First, the Bible says that God made our first mother, Eve, for Adam. She was literally made from the get go to be a “helper” to Adam; she was made to marry him, help him, and raise kids with him. Marriage and motherhood was a bigger-than-huge part of Eve’s purpose. She was wired for it from the beginning.

My point: It is good for you, as a gal, to long to be married and to raise kids. It is biblical. It is glorifying to God.

Secondly, from my conversing with girls through the months/years, I have noticed that girls are hesitant to be honest about what they really want. It seems girls, when answering the question about what they want to do with their lives, first give their more school/job oriented answer. “I want to finish school, get this job, work in this ministry, etc.” It seems that usually that answer is then followed by a side note: “And I also would like to have a family one day.”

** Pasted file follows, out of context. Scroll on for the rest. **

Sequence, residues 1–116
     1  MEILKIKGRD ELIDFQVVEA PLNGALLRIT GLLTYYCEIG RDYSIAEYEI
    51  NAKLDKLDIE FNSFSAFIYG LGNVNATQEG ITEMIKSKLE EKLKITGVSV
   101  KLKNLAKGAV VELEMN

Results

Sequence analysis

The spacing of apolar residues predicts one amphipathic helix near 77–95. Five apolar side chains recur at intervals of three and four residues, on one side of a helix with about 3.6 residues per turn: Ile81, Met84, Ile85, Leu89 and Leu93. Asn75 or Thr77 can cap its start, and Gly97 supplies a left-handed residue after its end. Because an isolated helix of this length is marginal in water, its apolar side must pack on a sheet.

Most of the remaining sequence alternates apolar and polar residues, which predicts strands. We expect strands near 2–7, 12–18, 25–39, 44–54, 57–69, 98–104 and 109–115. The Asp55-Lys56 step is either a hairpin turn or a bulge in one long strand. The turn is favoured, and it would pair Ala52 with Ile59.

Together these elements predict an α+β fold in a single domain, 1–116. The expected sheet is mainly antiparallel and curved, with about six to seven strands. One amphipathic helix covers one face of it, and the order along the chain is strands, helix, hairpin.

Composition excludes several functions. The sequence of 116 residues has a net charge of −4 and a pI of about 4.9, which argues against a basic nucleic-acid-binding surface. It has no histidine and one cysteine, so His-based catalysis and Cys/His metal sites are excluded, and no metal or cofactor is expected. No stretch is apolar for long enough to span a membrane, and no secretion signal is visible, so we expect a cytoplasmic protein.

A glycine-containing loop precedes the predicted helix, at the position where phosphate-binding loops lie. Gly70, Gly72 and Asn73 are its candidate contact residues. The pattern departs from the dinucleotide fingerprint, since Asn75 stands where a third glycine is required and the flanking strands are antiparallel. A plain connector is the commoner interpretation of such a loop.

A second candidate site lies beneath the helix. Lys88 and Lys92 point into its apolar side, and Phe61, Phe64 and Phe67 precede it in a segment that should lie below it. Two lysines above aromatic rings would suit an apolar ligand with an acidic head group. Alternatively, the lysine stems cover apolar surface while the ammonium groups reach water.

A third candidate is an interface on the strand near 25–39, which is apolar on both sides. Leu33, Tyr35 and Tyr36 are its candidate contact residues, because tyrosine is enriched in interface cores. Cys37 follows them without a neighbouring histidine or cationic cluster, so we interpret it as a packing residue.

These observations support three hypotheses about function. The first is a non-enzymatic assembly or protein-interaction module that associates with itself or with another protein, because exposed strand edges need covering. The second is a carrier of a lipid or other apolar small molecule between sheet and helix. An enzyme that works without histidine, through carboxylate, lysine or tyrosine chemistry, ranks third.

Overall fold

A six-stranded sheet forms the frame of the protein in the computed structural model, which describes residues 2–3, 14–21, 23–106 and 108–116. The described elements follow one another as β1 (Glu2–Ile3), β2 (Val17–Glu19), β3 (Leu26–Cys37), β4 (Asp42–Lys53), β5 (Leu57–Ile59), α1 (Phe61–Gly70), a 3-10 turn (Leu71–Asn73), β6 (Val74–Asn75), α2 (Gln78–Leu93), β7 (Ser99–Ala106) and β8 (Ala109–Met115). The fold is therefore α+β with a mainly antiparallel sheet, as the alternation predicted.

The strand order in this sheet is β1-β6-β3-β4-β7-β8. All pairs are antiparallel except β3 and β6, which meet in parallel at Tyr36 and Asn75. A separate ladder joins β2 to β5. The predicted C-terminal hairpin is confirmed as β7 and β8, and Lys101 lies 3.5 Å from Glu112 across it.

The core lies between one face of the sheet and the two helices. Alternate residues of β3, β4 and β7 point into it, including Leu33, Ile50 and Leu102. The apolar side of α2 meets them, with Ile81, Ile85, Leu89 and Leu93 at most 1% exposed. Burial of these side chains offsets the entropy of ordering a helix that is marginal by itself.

Now, if the gals are completely honest, I don’t think they are telling the full truth with how they answer the life question. If they are honest, I think many girl’s answers would be more along the lines of: “I want to get married and be a mom.”

That is not to say you gals don’t have aspirations in the business or ministry world, it just seems that for girls who ultimately just want to get married and have kids, they seem to fear owning those desires. I think this fear is produced by the culture. Our culture tells women that to simply want to get married and be a mom is “weak” and “less than.” Our culture says that is a cop-out, that women are letting men do all the “hard” work. The result is that women feel the pressure to have a successful, demanding career, which ends up getting in the way of their true dream, to have a healthy family.

My point: Biblically speaking, you can start owning your desires to simply get married and have kids. It is normal. It is good. It is from God.